SWA Travel Funds not really good for a year

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Aug 28, 2016
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I made a reservation in March of 2016 and paid via a combination of a travel voucher that expires 10/16 and my personal credit card. I had to cancel the trip and therefore received Travel Funds from SWA. But because I used the travel voucher for a portion of the payment the entire value of the travel fund is set to expire 10/16, including the portion I paid for with my credit card. If I had not used the travel voucher, but only my credit card, for the trip the travel funds would not expire until March of 2017.

I think this is an unfair policy. SWA has refused to budge. Any suggestions? Thank you.
 
Aug 28, 2015
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I made a reservation in March of 2016 and paid via a combination of a travel voucher that expires 10/16 and my personal credit card. I had to cancel the trip and therefore received Travel Funds from SWA. But because I used the travel voucher for a portion of the payment the entire value of the travel fund is set to expire 10/16, including the portion I paid for with my credit card. If I had not used the travel voucher, but only my credit card, for the trip the travel funds would not expire until March of 2017.

I think this is an unfair policy. SWA has refused to budge. Any suggestions? Thank you.
It actually is fair. If everyone were able to use their vouchers combined with cash to book new travel and then cancelled the rebooked trip- there would be no point in the expiration deadline as the credit could be extended in perpetuity.

Are you saying you would prefer to have the voucher portion expire in October and the cash portion expire in March? Would that make a difference in your plans since the voucher portion is expiring in October anyway.
 
Aug 28, 2016
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It actually is fair. If everyone were able to use their vouchers combined with cash to book new travel and then cancelled the rebooked trip- there would be no point in the expiration deadline as the credit could be extended in perpetuity.

Are you saying you would prefer to have the voucher portion expire in October and the cash portion expire in March? Would that make a difference in your plans since the voucher portion is expiring in October anyway.
Sorry I was not clear. I paid with a $50 voucher and $160 my credit card. I'm asking the $160 only be good for a full year from date of reservation having been made. I get the voucher expired.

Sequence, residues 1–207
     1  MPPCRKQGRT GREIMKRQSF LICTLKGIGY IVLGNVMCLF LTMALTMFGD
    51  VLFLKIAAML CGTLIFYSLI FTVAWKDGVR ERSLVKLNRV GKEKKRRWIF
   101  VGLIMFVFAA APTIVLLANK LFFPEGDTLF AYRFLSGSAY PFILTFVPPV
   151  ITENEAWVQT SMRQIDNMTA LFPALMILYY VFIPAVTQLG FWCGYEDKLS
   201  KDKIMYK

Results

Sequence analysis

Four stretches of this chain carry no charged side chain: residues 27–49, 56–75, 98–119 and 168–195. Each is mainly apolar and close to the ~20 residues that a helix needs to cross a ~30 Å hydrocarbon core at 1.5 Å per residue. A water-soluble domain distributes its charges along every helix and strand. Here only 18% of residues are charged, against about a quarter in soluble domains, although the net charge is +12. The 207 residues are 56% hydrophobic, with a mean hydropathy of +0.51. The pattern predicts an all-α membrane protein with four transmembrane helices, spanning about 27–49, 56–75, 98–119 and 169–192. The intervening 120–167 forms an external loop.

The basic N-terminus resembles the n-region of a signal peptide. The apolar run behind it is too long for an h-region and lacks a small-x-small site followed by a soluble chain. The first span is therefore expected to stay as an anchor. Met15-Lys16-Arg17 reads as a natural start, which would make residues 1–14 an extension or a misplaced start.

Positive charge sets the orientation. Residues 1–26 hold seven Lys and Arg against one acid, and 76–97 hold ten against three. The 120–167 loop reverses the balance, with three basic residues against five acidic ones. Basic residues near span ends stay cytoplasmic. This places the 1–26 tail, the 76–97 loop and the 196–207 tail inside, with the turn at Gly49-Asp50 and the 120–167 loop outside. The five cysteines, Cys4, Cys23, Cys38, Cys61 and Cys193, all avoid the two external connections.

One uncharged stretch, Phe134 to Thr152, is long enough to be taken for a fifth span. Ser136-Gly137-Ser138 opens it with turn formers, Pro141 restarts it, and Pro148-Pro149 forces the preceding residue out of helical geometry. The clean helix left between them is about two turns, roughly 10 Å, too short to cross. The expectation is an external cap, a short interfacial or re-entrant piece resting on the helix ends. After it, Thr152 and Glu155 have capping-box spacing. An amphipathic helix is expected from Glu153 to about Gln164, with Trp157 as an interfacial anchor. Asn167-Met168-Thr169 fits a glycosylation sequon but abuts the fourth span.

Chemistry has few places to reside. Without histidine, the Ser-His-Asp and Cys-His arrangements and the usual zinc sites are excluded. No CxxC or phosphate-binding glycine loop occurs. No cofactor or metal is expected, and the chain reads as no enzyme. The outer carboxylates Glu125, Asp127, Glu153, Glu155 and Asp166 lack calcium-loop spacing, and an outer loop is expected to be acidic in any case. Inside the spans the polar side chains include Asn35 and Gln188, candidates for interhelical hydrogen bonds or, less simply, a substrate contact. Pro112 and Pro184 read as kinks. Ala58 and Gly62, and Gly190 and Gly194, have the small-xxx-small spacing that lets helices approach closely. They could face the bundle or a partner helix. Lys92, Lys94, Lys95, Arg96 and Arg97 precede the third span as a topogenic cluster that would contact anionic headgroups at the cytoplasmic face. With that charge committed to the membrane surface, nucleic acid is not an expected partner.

I do not think fair that if you do a combo payment you lose out.
 
Aug 29, 2015
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The terms of using travel funds are actually quite clear on the SWA website. This the price for being able to re-price a trip at any time and get a credit in your account to use for a future trip. It means that when you go to use those travel funds later on, all funds you add to those travel funds expire on the earliest date.

Southwest doesn't budge on this in general. They tend to be the most lenient airline around, when it comes to letting you rebook as it is.

What you might be able to do is let the funds expire, then contact customer relations and ask the funds to be released as LUV voucher, minus the $100 service charge. Sometimes they will do that.
 
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Feb 9, 2016
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It probably would have been best to ask if you could have turned that voucher into southwest miles. For your present situation, have you asked that question ? Ask them if you can use the funds to purchase miles to put into your account. Dollar for dollar you will not get the value by purchasing miles but the expiration date on miles is a lot longer out.
 
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kenish

Sep 1, 2015
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What you might be able to do is let the funds expire, then contact customer relations and ask the funds to be released as LUV voucher, minus the $100 service charge. Sometimes they will do that.
The downside risk is if they don't agree to a favor, you forfeit the entire amount (voucher *and* credit card).

@R. O'Brien As others mentioned, SWA policy is quite a bit more generous than other airlines, since they don't charge a $200-$400 fee to change a ticket or get a credit for future travel. You would be "down" by double this amount on any other airline since you've cancelled twice.